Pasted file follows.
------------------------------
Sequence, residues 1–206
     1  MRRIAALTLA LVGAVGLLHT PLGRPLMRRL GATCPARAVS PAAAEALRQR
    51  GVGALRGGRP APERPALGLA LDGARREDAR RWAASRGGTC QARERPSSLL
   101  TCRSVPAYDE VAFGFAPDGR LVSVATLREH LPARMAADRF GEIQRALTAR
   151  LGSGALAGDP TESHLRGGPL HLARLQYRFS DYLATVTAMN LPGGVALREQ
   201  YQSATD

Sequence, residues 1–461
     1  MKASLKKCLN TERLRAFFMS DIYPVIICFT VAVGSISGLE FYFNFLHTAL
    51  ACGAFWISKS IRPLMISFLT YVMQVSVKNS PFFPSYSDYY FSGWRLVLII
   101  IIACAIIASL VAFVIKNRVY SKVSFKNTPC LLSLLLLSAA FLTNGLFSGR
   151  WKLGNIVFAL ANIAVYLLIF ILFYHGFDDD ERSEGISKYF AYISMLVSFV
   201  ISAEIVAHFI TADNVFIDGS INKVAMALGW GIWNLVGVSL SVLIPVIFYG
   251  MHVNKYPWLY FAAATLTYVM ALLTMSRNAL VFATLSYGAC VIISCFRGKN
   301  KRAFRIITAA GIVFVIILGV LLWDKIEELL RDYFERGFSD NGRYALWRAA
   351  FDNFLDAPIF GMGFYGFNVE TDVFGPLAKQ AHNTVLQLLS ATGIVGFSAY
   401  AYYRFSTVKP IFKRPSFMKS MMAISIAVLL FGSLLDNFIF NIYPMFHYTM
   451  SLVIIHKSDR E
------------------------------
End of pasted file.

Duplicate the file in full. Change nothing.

Sequence, residues 1–206
     1  MRRIAALTLA LVGAVGLLHT PLGRPLMRRL GATCPARAVS PAAAEALRQR
    51  GVGALRGGRP APERPALGLA LDGARREDAR RWAASRGGTC QARERPSSLL
   101  TCRSVPAYDE VAFGFAPDGR LVSVATLREH LPARMAADRF GEIQRALTAR
   151  LGSGALAGDP TESHLRGGPL HLARLQYRFS DYLATVTAMN LPGGVALREQ
   201  YQSATD

Sequence, residues 1–461
     1  MKASLKKCLN TERLRAFFMS DIYPVIICFT VAVGSISGLE FYFNFLHTAL
    51  ACGAFWISKS IRPLMISFLT YVMQVSVKNS PFFPSYSDYY FSGWRLVLII
   101  IIACAIIASL VAFVIKNRVY SKVSFKNTPC LLSLLLLSAA FLTNGLFSGR
   151  WKLGNIVFAL ANIAVYLLIF ILFYHGFDDD ERSEGISKYF AYISMLVSFV
   201  ISAEIVAHFI TADNVFIDGS INKVAMALGW GIWNLVGVSL SVLIPVIFYG
   251  MHVNKYPWLY FAAATLTYVM ALLTMSRNAL VFATLSYGAC VIISCFRGKN
   301  KRAFRIITAA GIVFVIILGV LLWDKIEELL RDYFERGFSD NGRYALWRAA
   351  FDNFLDAPIF GMGFYGFNVE TDVFGPLAKQ AHNTVLQLLS ATGIVGFSAY
   401  AYYRFSTVKP IFKRPSFMKS MMAISIAVLL FGSLLDNFIF NIYPMFHYTM
   451  SLVIIHKSDR E